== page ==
Basically, the author of this passage is establishing a distinction between what we would call realism in literature and fantasy. Since the eighteenth century, the writer says, literature has been concerned chiefly with the real world. But in the "beginnings of a literature," in pre-modern epics and storytelling, unreal worlds were depicted, in an effort to make the unfamiliar, the "amazing," familiar to people. This concern with the unreal expressed the curiosity people naturally had about areas on earth that were outside their experience—over the ocean or only the "next ridge."
The archetypal setting of the science fiction story from the distant past forward is the island. The moon, as well, is a kind of island in space. At the same time, another model setting is the valley, which the writer associates with the primal concept of the "next ridge" beyond the inhabited world of early man. Man longs for a utopia, an alternative world, and the Garden of Eden is a "localized" version of a utopia. The thinking behind the imagining of such utopias is that anybody who believes his own local world—his own "valley"—is the entire world, is "blind." The imagined inhabitants of these "islands" or "valleys" are a mirror of mankind, of real people, but they are also a transformed version of actual humans: something different from them, and better.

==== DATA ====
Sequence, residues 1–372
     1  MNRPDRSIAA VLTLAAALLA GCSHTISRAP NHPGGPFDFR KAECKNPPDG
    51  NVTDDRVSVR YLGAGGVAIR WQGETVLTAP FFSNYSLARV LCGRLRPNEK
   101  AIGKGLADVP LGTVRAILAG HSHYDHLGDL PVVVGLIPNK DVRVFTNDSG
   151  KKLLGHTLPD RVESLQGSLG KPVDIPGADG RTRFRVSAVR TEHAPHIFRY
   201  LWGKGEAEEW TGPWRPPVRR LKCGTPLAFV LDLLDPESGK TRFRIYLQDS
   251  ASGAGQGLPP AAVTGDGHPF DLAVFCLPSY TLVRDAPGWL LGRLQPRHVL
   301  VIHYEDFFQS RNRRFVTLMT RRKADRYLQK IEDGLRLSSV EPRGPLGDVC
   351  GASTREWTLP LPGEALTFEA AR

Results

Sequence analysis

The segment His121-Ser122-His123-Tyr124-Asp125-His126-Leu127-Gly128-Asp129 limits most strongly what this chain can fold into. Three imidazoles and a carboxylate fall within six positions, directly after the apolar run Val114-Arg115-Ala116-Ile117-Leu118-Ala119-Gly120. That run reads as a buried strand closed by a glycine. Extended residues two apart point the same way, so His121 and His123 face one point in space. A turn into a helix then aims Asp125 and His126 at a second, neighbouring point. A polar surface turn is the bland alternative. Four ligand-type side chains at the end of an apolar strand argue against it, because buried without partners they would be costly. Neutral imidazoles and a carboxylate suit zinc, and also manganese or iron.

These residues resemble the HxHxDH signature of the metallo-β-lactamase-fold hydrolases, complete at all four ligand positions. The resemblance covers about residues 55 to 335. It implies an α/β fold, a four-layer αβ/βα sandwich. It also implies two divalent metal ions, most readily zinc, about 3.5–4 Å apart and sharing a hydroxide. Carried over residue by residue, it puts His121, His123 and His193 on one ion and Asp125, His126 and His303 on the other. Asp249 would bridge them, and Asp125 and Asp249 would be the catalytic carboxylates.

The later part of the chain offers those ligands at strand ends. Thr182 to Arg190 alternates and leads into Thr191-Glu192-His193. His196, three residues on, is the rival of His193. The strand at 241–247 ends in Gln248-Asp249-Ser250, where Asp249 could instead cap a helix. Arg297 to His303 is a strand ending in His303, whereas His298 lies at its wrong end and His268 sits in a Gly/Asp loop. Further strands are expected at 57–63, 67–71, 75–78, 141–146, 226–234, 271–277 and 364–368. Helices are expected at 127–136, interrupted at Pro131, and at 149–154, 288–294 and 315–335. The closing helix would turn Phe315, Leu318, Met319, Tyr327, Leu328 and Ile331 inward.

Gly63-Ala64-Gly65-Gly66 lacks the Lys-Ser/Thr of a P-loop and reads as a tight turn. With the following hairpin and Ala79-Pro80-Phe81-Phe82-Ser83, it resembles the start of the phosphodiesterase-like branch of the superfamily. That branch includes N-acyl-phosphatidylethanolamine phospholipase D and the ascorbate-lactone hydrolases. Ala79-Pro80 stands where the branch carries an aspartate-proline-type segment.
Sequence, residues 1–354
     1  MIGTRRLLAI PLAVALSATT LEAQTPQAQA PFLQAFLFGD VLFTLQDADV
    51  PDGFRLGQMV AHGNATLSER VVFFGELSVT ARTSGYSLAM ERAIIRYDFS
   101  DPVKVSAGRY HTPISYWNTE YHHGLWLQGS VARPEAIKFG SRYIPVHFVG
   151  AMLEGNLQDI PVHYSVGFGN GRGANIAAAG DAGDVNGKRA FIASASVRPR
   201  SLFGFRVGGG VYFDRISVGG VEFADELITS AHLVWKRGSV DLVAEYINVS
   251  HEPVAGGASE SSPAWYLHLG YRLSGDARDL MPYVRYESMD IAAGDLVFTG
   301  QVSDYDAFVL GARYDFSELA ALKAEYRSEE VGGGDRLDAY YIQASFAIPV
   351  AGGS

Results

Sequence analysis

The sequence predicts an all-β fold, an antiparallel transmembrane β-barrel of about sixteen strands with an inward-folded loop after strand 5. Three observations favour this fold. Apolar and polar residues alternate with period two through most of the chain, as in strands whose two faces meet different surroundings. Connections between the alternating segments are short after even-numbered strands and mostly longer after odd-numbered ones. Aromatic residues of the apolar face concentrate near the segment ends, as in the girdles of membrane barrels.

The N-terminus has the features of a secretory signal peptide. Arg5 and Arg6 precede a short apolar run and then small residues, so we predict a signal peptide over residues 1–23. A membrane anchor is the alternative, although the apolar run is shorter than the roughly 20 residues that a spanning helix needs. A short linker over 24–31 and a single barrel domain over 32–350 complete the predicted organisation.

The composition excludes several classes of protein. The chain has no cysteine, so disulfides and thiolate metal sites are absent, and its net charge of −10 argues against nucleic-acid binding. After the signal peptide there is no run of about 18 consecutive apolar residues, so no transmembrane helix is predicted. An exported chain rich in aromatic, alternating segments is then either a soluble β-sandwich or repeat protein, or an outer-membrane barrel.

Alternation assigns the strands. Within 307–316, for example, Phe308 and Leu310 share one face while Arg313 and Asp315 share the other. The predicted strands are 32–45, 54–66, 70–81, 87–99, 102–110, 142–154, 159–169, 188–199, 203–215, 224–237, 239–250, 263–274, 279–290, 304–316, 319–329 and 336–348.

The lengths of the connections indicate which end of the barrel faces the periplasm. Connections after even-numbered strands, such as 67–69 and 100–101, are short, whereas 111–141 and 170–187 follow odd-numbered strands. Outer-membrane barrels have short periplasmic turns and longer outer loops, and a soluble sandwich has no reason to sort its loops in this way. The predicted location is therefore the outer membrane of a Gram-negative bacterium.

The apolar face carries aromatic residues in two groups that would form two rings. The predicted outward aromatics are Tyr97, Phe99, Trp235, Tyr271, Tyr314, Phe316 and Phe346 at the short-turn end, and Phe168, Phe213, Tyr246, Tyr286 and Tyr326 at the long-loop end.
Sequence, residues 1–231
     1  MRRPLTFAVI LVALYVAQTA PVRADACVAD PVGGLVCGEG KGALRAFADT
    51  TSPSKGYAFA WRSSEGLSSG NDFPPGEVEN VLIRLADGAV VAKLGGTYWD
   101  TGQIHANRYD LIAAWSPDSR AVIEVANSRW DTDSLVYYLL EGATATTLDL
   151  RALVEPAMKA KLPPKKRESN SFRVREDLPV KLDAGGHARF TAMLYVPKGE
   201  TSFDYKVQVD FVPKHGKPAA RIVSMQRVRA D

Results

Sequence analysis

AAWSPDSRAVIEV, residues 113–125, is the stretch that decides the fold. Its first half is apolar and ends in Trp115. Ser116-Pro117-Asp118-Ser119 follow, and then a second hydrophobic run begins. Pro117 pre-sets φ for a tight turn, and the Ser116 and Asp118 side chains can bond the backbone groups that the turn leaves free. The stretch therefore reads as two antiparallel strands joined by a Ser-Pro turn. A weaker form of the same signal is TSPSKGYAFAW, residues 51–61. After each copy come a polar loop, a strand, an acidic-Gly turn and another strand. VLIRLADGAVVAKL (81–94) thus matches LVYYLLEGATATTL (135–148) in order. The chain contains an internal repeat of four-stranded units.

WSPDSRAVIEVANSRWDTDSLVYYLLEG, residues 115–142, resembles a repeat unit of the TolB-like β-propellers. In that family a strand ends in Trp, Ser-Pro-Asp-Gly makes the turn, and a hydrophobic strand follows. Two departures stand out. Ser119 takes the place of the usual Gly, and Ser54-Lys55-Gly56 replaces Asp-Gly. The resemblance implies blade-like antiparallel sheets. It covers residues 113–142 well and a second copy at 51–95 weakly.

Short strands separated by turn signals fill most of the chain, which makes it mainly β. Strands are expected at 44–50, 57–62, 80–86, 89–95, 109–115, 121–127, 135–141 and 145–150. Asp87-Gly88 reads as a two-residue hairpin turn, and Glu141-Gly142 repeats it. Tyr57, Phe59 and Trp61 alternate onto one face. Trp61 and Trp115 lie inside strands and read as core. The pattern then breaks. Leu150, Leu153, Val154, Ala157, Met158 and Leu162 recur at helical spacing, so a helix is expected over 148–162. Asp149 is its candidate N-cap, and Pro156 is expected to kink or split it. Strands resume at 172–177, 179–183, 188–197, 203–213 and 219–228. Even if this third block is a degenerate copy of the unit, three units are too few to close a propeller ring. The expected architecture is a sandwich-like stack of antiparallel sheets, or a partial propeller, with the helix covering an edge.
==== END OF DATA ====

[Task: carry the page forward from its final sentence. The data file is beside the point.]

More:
All of these imagined worlds, the settings in which science fiction takes place, are the result of human curiosity, says the author. But they're also expressive of the wish to find an ideal, a better, setting than the real world. People hope to find in the unknown not only a superior environment to the real one, but a kind of emblem of supreme good lacking in the actual world. Even if such a world has not been found, the belief at the root of science fiction is the assumption that it is possible.
The above is an attempt at a paraphrase or explanation of the quoted passage. But what, one might ask, is the overall point the author is making? He or she seems to be intent on a definition of science fiction and the reason it is such an important literary genre. Science fiction is a kind of focused expression of a category of ideas that inform literature in general. Even before the term was used, science fiction was basic to people's imagination and to literature. The fantasy elements in Homer and Virgil and in the medieval and Renaissance epics as well are the obvious examples. In some sense, the realism the author identifies as dominant since the eighteenth century is a divergence from the older focus on the unreal and fantasy, which reasserted itself beginning in the nineteenth century in Jules Verne, H.G. Wells, and their successors, including the utopian and dystopian writers, as the author indicates with his view of the utopia as a central idea of the science fiction genre.